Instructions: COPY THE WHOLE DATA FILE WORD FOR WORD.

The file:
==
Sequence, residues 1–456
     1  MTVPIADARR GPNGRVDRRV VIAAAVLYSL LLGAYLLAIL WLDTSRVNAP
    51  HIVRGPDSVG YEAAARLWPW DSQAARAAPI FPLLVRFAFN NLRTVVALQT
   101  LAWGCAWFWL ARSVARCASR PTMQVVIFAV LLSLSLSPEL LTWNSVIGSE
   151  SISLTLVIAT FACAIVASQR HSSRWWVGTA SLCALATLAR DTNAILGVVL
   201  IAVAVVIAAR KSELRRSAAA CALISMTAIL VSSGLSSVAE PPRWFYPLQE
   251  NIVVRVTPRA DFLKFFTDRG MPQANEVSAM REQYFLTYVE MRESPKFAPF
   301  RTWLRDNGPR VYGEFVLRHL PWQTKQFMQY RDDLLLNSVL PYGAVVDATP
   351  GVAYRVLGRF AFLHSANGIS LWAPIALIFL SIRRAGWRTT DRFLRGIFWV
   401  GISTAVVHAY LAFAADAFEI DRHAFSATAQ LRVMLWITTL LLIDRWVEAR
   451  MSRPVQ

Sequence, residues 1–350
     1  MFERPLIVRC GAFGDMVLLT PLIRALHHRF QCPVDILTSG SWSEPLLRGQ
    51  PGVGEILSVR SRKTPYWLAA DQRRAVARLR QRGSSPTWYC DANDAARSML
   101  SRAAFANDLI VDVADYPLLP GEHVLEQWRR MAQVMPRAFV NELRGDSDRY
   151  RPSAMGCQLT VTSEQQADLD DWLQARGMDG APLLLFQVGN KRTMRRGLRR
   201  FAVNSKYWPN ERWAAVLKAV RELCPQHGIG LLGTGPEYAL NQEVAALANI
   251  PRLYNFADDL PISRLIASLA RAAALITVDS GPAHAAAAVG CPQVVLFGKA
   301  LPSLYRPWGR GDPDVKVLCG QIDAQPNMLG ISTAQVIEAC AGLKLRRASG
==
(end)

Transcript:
Sequence, residues 1–456
     1  MTVPIADARR GPNGRVDRRV VIAAAVLYSL LLGAYLLAIL WLDTSRVNAP
    51  HIVRGPDSVG YEAAARLWPW DSQAARAAPI FPLLVRFAFN NLRTVVALQT
   101  LAWGCAWFWL ARSVARCASR PTMQVVIFAV LLSLSLSPEL LTWNSVIGSE
   151  SISLTLVIAT FACAIVASQR HSSRWWVGTA SLCALATLAR DTNAILGVVL
   201  IAVAVVIAAR KSELRRSAAA CALISMTAIL VSSGLSSVAE PPRWFYPLQE
   251  NIVVRVTPRA DFLKFFTDRG MPQANEVSAM REQYFLTYVE MRESPKFAPF
   301  RTWLRDNGPR VYGEFVLRHL PWQTKQFMQY RDDLLLNSVL PYGAVVDATP
   351  GVAYRVLGRF AFLHSANGIS LWAPIALIFL SIRRAGWRTT DRFLRGIFWV
   401  GISTAVVHAY LAFAADAFEI DRHAFSATAQ LRVMLWITTL LLIDRWVEAR
   451  MSRPVQ

Sequence, residues 1–350
     1  MFERPLIVRC GAFGDMVLLT PLIRALHHRF QCPVDILTSG SWSEPLLRGQ
    51  PGVGEILSVR SRKTPYWLAA DQRRAVARLR QRGSSPTWYC DANDAARSML
   101  SRAAFANDLI VDVADYPLLP GEHVLEQWRR MAQVMPRAFV NELRGDSDRY
   151  RPSAMGCQLT VTSEQQADLD DWLQARGMDG APLLLFQVGN KRTMRRGLRR
   201  FAVNSKYWPN ERWAAVLKAV RELCPQHGIG LLGTGPEYAL NQEVAALANI
   251  PRLYNFADDL PISRLIASLA RAAALITVDS GPAHAAAAVG CPQVVLFGKA
   301  LPSLYRPWGR GDPDVKVLCG QIDAQPNMLG ISTAQVIEAC AGLKLRRASG